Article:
Our Knackpacker community is made up of diverse professionals, and today we’re excited to share an interview with Dr. Nicholas Ward. Dr. Ward is Associate Director of the Medical Intensive Care Unit at Rhode Island Hospital and an assistant professor of medicine at The Warren Alpert Medical School of Brown University. He leads a busy professional life, working in the ICU, general practice and as an educator.
In this interview, Dr. Ward shares how he was part of the response to COVID-19 in Rhode Island, and also shares insight into the day-in-the-life as a critical care physician.
A Day In the Life of a Critical Care Physician
“No day is the same for me,” shares Dr. Ward. “My professional life is split into two parts, where I alternate between working in the ICU and meeting with non-emergency patients. I spend one full week on the ICU and one week off.”
Leading The ICU
During the weeks he’s at the ICU, Dr. Ward heads into the hospital by 7AM. “I typically answer emails, then I change into scrubs. I then do rounds with up to 18 patients. Because it’s a teaching hospital, I also work closely throughout the day with residents, interns, and medical students.”
When Dr. Ward is working at the ICU, he is on call for 24 hours a day. “I don’t live at the hospital for a week,” he says with a laugh, “but sometimes it can feel that way! I’m on call the entire week, and I can be called throughout the night or go back into the ICU if I’m needed. We do this so there’s continuity of care, and one person who keeps track of what’s going on. If everyone left at 5, it would be difficult, if not impossible, for us to ensure high quality and continuous care.”
Teaching & Non-Emergency Patients
“In the weeks that I’m not in the ICU, I’m teaching and working with my fellows, as well as having appointments with non-emergency patients.”
Responding to COVID-19
“I’m a Pulmonary/Critical Care physician, which means I focus on the respiratory system,” shares Dr. Ward. “COVID infects the lungs and does terrible things there. The sickest end up in the ICU with different problems, and pulmonologists are the doctors who take care of them.”
Dr. Ward was extremely busy in April and May, as Rhode Island was a hotspot for COVID-19. “Boston lit up back then,” shares Dr. Ward. “We’re about 50 miles from Boston, which was hit hard. Not as bad as New York, but the ICU at our hospital had to expand to become four ICUs.”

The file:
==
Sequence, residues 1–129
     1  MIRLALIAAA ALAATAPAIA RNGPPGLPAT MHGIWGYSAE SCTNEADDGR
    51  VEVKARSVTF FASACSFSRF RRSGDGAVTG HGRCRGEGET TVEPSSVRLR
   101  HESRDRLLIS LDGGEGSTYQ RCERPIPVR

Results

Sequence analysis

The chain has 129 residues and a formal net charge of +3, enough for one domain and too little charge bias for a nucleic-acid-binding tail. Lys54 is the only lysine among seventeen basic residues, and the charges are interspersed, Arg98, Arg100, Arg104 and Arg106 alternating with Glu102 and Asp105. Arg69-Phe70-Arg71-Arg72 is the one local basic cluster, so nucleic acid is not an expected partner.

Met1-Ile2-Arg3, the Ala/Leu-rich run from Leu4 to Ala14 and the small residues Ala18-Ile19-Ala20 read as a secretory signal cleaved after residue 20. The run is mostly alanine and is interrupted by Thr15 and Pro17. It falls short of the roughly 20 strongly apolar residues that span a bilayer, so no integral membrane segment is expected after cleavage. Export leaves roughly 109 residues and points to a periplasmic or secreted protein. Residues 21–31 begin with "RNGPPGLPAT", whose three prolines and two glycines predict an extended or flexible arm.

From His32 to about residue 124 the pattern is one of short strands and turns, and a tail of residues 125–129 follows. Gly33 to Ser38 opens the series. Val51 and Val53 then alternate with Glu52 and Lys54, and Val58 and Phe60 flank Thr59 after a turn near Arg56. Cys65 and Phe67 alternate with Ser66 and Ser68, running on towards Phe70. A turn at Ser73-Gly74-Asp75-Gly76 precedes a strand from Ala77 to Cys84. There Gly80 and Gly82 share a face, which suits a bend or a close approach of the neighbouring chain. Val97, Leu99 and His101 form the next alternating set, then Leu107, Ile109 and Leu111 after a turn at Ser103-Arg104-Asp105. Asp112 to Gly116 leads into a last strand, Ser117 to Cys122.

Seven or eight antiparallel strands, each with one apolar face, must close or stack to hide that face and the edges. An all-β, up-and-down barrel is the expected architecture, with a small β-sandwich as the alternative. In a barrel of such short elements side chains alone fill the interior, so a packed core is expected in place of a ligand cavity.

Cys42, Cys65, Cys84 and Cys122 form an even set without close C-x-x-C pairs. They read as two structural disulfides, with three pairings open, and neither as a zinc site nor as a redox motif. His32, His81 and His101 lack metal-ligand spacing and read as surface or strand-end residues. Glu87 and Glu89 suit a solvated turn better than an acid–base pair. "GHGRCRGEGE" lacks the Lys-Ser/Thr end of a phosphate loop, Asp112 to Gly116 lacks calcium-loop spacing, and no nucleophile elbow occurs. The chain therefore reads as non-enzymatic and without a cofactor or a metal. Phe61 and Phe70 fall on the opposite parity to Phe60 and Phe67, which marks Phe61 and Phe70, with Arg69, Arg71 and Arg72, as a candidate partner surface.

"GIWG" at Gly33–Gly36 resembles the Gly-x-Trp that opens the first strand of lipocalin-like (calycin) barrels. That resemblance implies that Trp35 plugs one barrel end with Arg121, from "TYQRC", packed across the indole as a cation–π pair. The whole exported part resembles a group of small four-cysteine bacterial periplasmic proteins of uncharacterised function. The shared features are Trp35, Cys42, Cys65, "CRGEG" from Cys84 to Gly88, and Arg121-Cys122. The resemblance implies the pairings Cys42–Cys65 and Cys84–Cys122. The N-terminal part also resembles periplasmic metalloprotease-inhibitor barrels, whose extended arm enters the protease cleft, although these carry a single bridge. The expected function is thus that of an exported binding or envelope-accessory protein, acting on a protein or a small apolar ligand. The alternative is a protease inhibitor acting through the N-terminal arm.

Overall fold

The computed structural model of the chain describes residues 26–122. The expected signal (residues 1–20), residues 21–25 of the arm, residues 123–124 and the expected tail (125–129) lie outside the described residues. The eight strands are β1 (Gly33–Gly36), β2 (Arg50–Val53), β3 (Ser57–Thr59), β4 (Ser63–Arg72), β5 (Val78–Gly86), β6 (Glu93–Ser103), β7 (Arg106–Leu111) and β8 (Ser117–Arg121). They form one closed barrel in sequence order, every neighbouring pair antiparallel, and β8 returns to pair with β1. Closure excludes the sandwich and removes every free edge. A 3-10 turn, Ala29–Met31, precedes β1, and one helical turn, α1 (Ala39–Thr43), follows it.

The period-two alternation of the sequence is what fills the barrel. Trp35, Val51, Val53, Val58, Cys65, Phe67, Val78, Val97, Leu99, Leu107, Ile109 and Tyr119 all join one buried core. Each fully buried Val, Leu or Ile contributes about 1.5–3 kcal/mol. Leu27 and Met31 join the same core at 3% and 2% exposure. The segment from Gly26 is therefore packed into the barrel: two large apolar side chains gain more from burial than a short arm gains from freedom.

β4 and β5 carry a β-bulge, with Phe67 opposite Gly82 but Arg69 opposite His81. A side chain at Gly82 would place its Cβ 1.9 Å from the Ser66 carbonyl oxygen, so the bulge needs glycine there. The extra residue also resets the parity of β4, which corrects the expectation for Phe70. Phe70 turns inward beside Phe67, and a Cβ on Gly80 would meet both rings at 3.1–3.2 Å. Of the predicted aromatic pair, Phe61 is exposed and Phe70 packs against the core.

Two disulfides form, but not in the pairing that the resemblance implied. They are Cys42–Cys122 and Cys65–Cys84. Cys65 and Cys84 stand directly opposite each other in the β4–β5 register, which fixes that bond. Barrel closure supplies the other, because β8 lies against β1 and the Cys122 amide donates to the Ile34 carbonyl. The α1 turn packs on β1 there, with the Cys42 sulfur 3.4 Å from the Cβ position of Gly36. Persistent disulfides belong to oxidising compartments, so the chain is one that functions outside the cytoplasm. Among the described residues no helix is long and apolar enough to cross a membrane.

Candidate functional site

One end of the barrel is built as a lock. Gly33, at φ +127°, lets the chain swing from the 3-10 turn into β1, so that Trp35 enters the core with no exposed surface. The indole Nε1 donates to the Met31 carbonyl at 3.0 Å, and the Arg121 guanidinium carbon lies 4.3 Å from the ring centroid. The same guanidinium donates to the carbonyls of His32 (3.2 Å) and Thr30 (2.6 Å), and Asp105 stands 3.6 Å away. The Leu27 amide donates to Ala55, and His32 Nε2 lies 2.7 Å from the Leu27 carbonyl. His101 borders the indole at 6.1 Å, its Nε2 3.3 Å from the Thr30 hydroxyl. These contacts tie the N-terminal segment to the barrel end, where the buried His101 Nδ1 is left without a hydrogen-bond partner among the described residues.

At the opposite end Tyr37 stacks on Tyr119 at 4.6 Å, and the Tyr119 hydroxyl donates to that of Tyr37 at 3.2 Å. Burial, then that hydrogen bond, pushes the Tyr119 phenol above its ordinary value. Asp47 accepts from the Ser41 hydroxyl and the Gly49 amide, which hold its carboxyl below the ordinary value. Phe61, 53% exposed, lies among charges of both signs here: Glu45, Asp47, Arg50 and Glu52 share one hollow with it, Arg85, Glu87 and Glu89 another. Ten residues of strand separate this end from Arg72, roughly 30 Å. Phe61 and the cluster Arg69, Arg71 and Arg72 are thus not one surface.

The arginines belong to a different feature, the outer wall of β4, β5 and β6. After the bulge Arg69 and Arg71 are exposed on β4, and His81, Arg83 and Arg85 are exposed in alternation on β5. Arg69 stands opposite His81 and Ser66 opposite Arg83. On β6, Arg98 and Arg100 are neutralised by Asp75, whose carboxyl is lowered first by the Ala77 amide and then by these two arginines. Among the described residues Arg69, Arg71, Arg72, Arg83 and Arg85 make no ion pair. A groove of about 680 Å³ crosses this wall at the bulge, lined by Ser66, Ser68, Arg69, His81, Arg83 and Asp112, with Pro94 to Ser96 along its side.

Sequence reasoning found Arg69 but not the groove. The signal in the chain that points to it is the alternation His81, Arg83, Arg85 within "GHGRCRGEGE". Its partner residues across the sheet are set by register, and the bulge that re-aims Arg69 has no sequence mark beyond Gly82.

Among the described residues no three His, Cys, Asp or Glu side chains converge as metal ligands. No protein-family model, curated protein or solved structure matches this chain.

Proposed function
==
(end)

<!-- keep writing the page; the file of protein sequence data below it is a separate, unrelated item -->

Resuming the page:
When asked how he made it through this challenging period, Dr. Ward said, “It was a difficult time, and we’re still recovering from it. As medical professionals, we’re used to long days and nights. Planning and communication were critical to this period. We’re still seeing patients with COVID-19, and it’s not over yet.”
Going Virtual Due to COVID-19
In the midst of caring for patients, Dr. Ward has also had to adapt the logistics aspect of his work. “We’ve all had to adapt and change the way of doing things, thanks to COVID-19,” shares Dr. Ward. “While a lot of these changes are well-known, like telehealth appointments, another one of the challenges I’ve had to deal with is going 100% virtual for the Critical Care Fellowship I run.”
Dr. Ward is the Program Director of the Pulmonary/Critical Care Fellowship through Brown University, and the program receives approximately 300-400 applications a year.
“Typically, we narrow down the applications to approximately 50 candidates. Normally, they would come for in-person interviews, tour the hospital, and connect with current fellows. Now, thanks to COVID-19, this all has to be done remotely. It’s definitely been a challenge, and I’m proud of how the team has risen to the occasion.”
Being a “Gear Nerd” & Using His Knack Pack
“I’m a bit of a 'Gear Nerd,’” shares Dr. Ward. “I love well-engineered products, and I’m shocked at how much stuff the Knack Pack can hold. Before I found my Knack Pack, I was looking for a bag that I could use a briefcase, as well as travel with – fitting it under the airplane seat in front of me.” Dr. Ward is a busy traveler, and he doesn’t want to check his bags when traveling!
“I found out about the Knack Backpack because I know Chad Mellen [the Founder of Knack]. When I found out about his new company, I made sure to share my bag feedback with him! He showed me the prototype backpack, and we had a great time talking about bag design and the need for a bag that can adapt to different environments.”
How Dr. Ward Packs His Knack Pack
“If I’m taking it to work, then the main compartment holds files and other materials. It’s nice, because I can also pack my scrubs and shoes in the travel compartment. Having a change of clothes is essential.”
Dr. Ward loves to use the top pocket for reading glasses, saying, “I wear a lot of glasses. I need reading glasses these days and I lose them a lot. I use low magnification glasses when I work at a computer. When I’m not at a computer, I need high magnification glasses. This means I carry at least 3 pairs of glasses, so I keep those in the top pocket. I also have a pair of sunglasses readers, and I keep them there, too.”
Overall, Dr. Ward appreciates how his Knack Backpack makes it easy to stay organized. “If you’re in a hurry, you can quickly grab your power cord or headphones from their dedicated pockets. You don’t have to rummage through your bag to find them!”
Adds Dr. Ward, “I really like that it can be used in a variety of situations. I can use it as a work bag, while traveling, while teaching, etc. It never looks out of place.”
Thank you, Doctor Ward!
We appreciate Dr. Ward taking the time to share insights into his work, as well as how he uses his Knack Pack backpack. If you’d like to get more stories from Knackpackers in your inbox, be sure to subscribe to our email list!